JAMES McClean was Sunderland’s hot, young emerging talent this time last year, tipped by many for a season of great success. Now he plays for Championship side Wigan Athletic. GRAEME ANDERSON looks at what went wrong.
IT is almost exactly a year to the day that James McClean leaned back in his chair at the Academy of Light and dismissively swatted away the question I’d put to him.
“Last season you were something of an unknown quantity but this season opponents will know all about you, are you a little worried about Second Season Syndrome?” I asked
“I don’t believe in Second Season Syndrome,” he shot back confidently, instantly looking at me to move on to another subject.
Of course the former Derry City winger had every right to be bullish at the time given the dramatic impact he had made in the preceding half-season at Sunderland.
A £350,000 signing in the summer, McClean had not been used by Steve Bruce at all before his dismissal in December but Martin O’Neill brought him on as a substitute in his first game in charge and the young winger changed the game for the Black Cats with his fearless attacking style and running at defences.
It wasn’t a flash in the pan either.
After that home win over Blackburn Rovers, McClean continued to terrorise defenders in the games that followed, as well as showing a commendable willingness to track back and tackle hard.
And although he faded a little towards the end of the campaign – a decline put down to the sheer effort he had put in after being drafted into the side midway through the campaign – he had by that stage scored half-a-dozen vital goals from midfield on his way to earning a call-up to the senior Republic of Ireland squad.
More was expected of him last season, especially with Martin O’Neill seeking to develop his all-round game and drafting in diligent coach Steve Guppy to help.
But from the very start, McClean laboured.
At times he looked a shadow of the confident young talent he had been in previous campaign and by the end of the season he was being used less and less, appearing to be battling his own demons on the pitch as well as opposition defenders.
His off-field problems have been well-documented, particularly his Twitter spats, but they did not impinge on his performances on the pitch and so you have to ask the question: was McClean ruined by attempts to improve him?
Those who know him would say the young left-winger is an uncomplicated soul and his football reflected that: he worked hard and his preferred point of attack – driving the ball past his full-back down the line, beating him for pace and then crossing, had proved effective.
The coaching staff feared though in his second season, Premier League defenders would work him out and show him inside, knowing that McClean was all left foot and no right.
Martin O’Neill pointed out that Manchester City right-back Pablo Zabaleta had been troubled by McClean the first time the two met but on the second occasion had worked him out – he stuck to the Wearside winger like glue, denied him space and effectively marked him out of the game.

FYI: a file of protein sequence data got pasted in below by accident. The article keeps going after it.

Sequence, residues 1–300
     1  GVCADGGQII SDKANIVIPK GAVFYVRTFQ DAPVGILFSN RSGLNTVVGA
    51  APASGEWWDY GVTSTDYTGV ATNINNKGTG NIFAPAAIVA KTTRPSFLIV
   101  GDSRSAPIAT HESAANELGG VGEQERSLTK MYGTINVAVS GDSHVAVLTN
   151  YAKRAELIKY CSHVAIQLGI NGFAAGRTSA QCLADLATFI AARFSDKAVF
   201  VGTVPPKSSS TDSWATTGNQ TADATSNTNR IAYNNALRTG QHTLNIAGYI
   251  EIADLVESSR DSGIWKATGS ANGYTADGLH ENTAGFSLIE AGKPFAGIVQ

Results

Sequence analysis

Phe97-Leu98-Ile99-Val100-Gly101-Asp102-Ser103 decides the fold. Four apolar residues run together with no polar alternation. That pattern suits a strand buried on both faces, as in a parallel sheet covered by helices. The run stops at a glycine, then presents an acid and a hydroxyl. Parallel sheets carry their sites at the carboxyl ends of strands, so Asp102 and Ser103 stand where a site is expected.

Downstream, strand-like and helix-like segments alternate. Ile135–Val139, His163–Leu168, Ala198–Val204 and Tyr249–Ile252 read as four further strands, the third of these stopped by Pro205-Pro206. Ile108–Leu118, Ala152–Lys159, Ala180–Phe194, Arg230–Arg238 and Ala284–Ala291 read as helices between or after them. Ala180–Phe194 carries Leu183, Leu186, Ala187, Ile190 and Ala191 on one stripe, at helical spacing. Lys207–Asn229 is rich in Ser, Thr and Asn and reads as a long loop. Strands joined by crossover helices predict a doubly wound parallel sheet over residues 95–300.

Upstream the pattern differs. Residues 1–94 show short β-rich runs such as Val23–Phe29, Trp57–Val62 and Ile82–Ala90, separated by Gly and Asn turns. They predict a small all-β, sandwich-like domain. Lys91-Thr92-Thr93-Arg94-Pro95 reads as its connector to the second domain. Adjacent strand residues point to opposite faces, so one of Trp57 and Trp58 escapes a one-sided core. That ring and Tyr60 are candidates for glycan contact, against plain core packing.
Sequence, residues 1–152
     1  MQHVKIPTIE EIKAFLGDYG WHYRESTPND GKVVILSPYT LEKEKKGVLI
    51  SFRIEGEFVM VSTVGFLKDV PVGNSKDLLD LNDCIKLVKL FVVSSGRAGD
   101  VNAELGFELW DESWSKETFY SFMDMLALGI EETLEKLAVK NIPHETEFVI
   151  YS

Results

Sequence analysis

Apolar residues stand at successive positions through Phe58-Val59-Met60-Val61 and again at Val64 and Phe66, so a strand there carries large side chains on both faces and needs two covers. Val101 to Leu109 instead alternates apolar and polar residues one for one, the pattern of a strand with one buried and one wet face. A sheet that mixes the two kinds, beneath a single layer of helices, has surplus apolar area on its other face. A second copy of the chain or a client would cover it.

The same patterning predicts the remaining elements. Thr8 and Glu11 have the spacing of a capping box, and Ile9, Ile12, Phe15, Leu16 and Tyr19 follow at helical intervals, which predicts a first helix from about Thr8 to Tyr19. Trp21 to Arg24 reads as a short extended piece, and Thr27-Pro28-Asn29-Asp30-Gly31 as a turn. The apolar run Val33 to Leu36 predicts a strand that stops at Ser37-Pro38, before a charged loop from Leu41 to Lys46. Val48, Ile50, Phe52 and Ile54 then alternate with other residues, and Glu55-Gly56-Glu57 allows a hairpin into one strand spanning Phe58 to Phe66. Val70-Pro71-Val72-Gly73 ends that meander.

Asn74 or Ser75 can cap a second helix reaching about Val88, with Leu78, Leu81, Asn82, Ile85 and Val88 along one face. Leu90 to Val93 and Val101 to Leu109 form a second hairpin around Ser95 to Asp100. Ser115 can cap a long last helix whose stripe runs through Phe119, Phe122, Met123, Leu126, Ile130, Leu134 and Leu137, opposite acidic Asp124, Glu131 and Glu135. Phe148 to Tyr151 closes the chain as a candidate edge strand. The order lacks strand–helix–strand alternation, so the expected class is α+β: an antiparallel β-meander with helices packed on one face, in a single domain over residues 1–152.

Thus began long hours on the training ground trying to develop McClean’s game – trying to teach him ways he could create space for himself on the pitch, drilling into him that he didn’t need to attack at every opportunity but could pass the ball around. Countless hours were spent trying to improve his right-foot, trying to make him effective cutting inside.
But the more effort that was put into changing and developing his game, the poorer McClean seemed to become.
He simply struggled to be the player the club wanted him to be.
Each time he stifled his natural instincts, the hesitation proved to be final. Efforts to do things differently inevitably ended in frustration and must have only served to underline to him that he could only play his own game, not someone else’s.
You could almost see the confidence ebbing out of him as the season progressed and, inevitably, by the end of a fruitless campaign, the crowd began to lose patience with him.
His worst moments came at the end of the season when Paolo Di Canio twice put him on the ‘wrong’ wing and McClean imploded as he struggled with the task of playing on the right.
The Italian likes to see his wingers cut inside and that was his thinking behind putting the left-footer on the right. But McClean struggled to hold the ball coming infield and when he attacked down the right, had to cut back to cross with his left.
It was awful to watch.
Di Canio perserved with McClean in that first game but the second time around, the right-wing experiment only lasted quarter-of-an-hour before the coach moved him back on to his natural flank.
And so it was that by the end of the 2012-13 campaign, one of Sunderland’s brightest lights was completely extinguished.
It was no surprise that Di Canio – so strong on the importance of technique – unloaded McClean this summer, with relegated Wigan prepared to pay £1m for the 24-year-old.
But this isn’t the end of the road for McClean. Far from it.
Championship defenders are literally not in the same league as those in the Premier League. And new Wigan boss Owen Coyle is shrewd enough not to ask McClean do anything other than play his natural game – get the ball past the defender and cross it, go for goal if you feel like it, and get yourself in goal-scoring positions.
There will be little effort I imagine to make him two-footed or a more complete player.
And if Wigan do that, I can see McClean coming again – regaining his confidence as he returns to his usual direct style.
So it will be interesting to see how the enigmatic winger fares this season but don’t be too shocked if he does very well in the Championship.
He might never be the player Martin O’Neill and Steve Guppy hoped he would be, but he could very well become the exciting and effective player he once was.